The vapour can be brought in a simple manner into contact with the substrate in the unsaturated state in that this vapour is cooled to a temperature which is lower than that of the substrate.

Preferably, according to the invention, the substrate is brought into contact with the vapour of the material miscible with the liquid before it is subjected to the rotary movement in the centrifuge. Drops are then formed on the surface of the substrate before the rotary movement begins. The contraction of liquid to drops takes place much easier when the substrate is stationary than when the substrate rotates. In this manner, the surface becomes cleaner than when the supply of vapour is started only during the rotary movement.

As has already been stated before, substrates can be treated in different liquid baths. In practice, these baths mostly contain water, however. In these cases, preferably a vapour of an organic solvent is passed into the centrifuge. It has been found that the supply of vapour of many alcohols, glycols, aldehydes, esters and ketones can lead to a clean surface.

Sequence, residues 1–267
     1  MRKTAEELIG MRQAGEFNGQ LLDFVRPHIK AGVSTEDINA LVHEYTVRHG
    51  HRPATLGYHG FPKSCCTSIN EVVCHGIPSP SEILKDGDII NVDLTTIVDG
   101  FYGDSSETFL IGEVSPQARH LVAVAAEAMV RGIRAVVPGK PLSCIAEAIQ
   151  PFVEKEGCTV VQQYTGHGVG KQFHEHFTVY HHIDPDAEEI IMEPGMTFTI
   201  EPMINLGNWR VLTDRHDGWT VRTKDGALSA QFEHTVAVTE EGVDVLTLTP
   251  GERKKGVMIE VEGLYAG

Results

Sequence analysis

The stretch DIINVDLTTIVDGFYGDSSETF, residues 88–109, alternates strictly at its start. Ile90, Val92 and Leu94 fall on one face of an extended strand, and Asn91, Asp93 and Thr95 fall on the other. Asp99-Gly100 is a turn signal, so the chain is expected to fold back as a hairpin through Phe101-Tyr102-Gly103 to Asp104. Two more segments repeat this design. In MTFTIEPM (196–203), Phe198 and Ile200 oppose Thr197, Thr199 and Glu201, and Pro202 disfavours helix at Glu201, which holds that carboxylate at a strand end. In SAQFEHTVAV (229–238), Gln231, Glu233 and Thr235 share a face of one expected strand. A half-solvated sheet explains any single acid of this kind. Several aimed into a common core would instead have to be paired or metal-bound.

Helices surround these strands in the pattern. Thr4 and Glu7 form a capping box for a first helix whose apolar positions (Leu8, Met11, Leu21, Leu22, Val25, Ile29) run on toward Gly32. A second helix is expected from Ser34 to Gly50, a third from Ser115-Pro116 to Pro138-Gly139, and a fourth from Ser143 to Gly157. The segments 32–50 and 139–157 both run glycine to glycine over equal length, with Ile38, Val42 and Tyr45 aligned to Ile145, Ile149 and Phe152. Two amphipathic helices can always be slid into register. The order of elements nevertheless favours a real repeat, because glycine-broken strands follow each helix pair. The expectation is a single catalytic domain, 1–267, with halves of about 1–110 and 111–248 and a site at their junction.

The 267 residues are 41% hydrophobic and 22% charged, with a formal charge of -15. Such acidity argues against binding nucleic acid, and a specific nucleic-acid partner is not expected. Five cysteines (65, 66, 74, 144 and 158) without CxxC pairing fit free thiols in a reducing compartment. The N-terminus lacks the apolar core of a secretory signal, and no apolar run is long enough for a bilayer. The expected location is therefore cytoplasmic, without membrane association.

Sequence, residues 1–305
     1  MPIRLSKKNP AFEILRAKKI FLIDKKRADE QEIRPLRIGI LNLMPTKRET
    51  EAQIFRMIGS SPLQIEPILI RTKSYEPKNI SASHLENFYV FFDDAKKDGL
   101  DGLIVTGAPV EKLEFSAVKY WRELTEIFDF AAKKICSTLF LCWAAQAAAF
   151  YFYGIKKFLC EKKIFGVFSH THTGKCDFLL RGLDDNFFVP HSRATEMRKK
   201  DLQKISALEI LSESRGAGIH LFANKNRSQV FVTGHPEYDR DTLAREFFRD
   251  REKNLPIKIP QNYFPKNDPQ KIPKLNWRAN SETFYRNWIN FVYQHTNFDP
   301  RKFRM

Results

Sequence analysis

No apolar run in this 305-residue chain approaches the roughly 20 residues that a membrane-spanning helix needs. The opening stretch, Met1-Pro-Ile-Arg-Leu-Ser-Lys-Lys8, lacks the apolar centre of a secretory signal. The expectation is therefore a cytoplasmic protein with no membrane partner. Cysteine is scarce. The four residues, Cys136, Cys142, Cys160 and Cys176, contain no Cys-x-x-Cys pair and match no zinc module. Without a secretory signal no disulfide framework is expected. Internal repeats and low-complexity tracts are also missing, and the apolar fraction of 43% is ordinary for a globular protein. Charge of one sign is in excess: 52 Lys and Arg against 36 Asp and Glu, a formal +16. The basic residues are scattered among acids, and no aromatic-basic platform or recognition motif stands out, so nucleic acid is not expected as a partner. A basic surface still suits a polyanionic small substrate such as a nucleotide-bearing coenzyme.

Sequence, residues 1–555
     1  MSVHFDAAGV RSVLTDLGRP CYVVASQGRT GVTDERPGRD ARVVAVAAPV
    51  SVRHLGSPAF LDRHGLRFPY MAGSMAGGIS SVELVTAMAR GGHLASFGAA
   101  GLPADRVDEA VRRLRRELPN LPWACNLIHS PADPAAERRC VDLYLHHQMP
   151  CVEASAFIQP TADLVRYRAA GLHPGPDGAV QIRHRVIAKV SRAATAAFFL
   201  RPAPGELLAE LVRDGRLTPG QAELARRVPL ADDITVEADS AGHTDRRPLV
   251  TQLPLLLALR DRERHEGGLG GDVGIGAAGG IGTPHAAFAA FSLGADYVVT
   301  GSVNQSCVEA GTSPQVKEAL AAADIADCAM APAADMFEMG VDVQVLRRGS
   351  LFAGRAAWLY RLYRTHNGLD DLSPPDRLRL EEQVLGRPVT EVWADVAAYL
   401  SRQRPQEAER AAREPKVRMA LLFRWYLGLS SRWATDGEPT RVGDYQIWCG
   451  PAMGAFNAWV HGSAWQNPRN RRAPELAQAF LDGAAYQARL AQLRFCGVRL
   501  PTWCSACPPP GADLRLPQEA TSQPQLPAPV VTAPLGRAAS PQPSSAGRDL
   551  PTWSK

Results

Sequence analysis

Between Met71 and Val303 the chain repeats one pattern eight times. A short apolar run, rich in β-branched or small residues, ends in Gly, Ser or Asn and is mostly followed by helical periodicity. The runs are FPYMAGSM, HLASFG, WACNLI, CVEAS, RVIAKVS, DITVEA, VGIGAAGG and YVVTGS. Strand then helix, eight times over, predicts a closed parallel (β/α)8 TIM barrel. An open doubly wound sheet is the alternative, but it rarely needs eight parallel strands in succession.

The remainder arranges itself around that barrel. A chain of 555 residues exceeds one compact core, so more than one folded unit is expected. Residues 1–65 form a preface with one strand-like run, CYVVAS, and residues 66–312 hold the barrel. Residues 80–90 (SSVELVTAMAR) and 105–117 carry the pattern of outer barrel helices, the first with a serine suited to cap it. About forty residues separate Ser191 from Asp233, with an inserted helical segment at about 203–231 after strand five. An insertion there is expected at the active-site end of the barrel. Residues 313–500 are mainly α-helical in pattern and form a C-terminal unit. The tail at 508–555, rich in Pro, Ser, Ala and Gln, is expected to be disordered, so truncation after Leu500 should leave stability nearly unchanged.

Preferably, when the substrate is brought into contact with the vapour this vapour is mixed with a carrier gas and, this mixture is then passed into the centrifuge. Thus, in a simple manner, unsaturated vapour can be passed into the centrifuge.

BRIEF DESCRIPTION OF THE DRAWINGS FIGURES

The invention will now be described more fully, by way of example, with reference to a drawing and a few embodiments. In the drawing:

FIG. 1 shows a diagrammatic cross-section of a centrifuge for carrying out the method according to the invention,

FIGS. 2 and 3 show diagrammatically the substrate surface with liquid before and after supply of vapour to the centrifuge shown in FIG. 1,